Mayor Lee Proposes $248 Million Bond Measure for Street Improvements
San Francisco Mayor Ed Lee proposed a $248 million bond measure today that he hopes will make the city’s neglected streets smoother and safer for all users.
“Regular citizens are suffering from our inaction on this,” Lee said at a City hall press conference. He was flanked by backers from the Board of Supervisors along with pedestrian, bicycle, disability and labor advocates.
“The statistics will continue to show that of the 850 miles of streets we have, almost half of them are in deterioration, and they get more expensive over time,” the Mayor said. “That affects the people who ride bikes, the people who drive, and the pedestrians that use our streets.”
The Road Repaving and Street Safety Bond [pdf] would gear $50 million to pedestrian, bicycle and streetscape projects, $148 million to repaving roads, $22 million to provide accessible curb ramps, $20.3 million for transit priority traffic signals, and $7.3 million for improvements to other structures such as bridges, tunnels, viaducts, and stairs.
The bond would prioritize street projects by providing advanced funding and making it easier to obtain grants from federal, state, and local agencies.
Improvements to the pedestrian realm would include constructing visible crosswalks, fixing broken sidewalks, expanding public space, and installing new curb ramps to comply with the American Disabilities Act. New transit-priority traffic signals would speed up Muni along with repaving projects that would create safer roads for bicycling. Other bike projects could help appease the growing demand for separated bikeways.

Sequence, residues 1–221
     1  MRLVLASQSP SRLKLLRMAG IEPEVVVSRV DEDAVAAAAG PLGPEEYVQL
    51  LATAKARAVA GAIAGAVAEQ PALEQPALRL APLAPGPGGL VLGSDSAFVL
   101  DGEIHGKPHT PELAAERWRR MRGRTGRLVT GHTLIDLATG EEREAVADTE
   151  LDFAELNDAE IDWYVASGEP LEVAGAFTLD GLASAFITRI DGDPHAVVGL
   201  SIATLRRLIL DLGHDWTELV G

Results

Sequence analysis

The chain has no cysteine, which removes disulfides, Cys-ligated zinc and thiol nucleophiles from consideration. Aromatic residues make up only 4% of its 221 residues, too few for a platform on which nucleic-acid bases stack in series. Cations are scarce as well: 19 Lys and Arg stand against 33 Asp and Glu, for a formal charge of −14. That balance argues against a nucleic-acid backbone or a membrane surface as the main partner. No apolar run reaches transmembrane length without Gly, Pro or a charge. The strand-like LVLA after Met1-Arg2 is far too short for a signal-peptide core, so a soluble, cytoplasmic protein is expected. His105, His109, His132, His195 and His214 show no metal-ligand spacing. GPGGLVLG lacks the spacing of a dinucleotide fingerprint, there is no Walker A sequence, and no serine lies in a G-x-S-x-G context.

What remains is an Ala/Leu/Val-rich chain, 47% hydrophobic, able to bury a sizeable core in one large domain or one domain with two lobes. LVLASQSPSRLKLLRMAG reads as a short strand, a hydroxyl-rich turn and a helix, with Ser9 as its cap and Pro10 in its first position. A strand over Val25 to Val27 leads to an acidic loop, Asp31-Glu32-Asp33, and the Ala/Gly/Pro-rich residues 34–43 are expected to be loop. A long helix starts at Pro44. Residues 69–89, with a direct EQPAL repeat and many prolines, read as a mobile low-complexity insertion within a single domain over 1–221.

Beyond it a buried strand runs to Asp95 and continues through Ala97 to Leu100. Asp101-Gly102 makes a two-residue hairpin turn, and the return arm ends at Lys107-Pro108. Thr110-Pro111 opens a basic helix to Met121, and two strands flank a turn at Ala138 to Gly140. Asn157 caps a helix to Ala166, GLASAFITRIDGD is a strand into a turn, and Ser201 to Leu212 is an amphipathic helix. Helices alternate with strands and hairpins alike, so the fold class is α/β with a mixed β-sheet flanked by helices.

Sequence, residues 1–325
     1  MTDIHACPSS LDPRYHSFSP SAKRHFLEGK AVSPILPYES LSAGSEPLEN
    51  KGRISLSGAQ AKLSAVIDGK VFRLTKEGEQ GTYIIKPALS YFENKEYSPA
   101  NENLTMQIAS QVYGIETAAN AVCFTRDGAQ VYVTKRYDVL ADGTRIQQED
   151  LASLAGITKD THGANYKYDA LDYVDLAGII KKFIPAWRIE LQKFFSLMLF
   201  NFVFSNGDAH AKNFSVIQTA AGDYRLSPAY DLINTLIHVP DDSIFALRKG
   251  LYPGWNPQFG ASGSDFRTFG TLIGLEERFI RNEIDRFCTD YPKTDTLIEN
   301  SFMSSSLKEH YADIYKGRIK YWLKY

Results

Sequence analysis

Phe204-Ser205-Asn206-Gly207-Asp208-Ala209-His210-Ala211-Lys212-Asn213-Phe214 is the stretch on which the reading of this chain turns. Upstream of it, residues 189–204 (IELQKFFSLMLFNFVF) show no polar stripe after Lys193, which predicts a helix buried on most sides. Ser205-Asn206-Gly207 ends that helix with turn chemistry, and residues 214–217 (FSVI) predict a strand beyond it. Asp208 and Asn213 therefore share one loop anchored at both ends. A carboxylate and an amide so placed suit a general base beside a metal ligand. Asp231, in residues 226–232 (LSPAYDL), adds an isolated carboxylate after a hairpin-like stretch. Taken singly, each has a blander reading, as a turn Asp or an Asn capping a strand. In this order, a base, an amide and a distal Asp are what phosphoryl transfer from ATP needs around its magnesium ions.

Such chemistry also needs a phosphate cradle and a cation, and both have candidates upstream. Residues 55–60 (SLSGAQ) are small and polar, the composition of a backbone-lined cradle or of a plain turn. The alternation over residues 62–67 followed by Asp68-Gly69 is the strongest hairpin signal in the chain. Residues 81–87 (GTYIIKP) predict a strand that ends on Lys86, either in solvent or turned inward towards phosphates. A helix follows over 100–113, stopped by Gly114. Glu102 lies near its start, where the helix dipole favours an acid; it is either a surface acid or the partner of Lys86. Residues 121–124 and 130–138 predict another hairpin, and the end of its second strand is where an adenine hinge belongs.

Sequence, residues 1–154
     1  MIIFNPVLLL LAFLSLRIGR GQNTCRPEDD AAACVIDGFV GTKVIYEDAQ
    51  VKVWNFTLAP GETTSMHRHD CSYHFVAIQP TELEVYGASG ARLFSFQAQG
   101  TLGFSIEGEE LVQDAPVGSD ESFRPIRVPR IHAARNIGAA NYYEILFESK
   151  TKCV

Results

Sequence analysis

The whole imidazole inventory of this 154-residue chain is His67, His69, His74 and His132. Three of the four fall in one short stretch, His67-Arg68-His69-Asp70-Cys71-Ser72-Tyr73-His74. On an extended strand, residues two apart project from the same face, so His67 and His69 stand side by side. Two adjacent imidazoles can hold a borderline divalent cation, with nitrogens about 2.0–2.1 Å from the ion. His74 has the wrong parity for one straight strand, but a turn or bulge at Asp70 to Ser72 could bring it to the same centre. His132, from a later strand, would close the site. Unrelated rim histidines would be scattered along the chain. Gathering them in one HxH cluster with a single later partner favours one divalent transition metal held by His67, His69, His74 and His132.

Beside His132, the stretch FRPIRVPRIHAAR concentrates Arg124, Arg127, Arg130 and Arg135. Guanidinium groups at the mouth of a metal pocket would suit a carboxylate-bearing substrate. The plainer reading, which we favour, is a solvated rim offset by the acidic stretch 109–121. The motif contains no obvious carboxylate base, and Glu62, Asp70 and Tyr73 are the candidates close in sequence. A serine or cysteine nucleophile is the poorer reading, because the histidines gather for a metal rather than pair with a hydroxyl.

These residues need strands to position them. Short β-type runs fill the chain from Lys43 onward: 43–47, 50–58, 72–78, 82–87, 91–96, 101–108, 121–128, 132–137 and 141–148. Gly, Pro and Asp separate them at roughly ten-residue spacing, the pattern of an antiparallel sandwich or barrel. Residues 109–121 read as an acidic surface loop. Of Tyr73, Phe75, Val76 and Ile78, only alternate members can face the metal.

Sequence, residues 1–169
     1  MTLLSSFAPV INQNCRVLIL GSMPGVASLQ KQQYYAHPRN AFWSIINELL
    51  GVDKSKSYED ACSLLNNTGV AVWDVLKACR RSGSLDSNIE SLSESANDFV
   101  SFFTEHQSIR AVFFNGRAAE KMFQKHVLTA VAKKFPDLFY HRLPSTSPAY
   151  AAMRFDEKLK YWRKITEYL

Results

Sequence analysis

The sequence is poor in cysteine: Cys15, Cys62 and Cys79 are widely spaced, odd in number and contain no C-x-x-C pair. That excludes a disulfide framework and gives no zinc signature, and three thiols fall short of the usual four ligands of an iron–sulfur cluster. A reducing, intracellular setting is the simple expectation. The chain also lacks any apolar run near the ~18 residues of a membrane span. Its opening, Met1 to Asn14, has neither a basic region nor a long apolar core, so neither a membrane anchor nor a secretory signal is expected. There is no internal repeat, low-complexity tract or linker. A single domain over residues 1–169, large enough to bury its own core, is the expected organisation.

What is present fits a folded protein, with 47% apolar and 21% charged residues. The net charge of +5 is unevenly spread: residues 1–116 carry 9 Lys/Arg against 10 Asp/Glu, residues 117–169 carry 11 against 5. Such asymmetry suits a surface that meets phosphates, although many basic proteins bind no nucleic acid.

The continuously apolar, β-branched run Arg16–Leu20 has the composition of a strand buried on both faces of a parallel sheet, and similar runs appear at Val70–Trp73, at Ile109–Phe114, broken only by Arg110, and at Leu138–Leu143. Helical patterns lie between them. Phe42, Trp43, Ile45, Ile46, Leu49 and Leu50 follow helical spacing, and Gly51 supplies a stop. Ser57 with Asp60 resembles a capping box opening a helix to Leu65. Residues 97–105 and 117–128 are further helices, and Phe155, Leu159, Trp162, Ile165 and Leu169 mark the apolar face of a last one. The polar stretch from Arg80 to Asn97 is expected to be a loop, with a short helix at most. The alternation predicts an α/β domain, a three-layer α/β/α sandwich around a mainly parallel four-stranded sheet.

“To the extent that our public rights of way, our streets and sidewalks are not in good condition, not safe, or not accessible, we are not as mobile as a society as we need to be,” said Department of Public Works Director Ed Reiskin.
Reiskin said $50 million that would be dedicated to pedestrian, bicycle, and streetscape improvements would not be subdivided.
The measure needs to be approved by the Board of Supervisors as well as by voters in November, but it already has the sponsorship of Supervisors Eric Mar, Ross Mirkarimi, David Campos, Scott Wiener, John Avalos, and Board President David Chiu.
“I have to tell you, it’s a normal routine existence for any one of us on the Board of Supervisors to be fielding complaints literally every single day about the conditions of our streets,” said Mirkarimi, noting the piecemeal way in which streets are typically fixed. “That reactive strategy has got to stop. Now it’s time the city gets ahead of the game.”
SF Bike Coalition Executive Director Leah Shahum pointed out that members complain about the dangers of potholes to the same extent they do speeding motor traffic.
“This is a great opportunity to not just bring our streets back up to par, but to actually bring some of our good streets to great streets, because there is funding here,” said Shahum. “We have the opportunity to spread that throughout the city and make sure that walking, biking, and transit are wonderful experiences in all our communities.”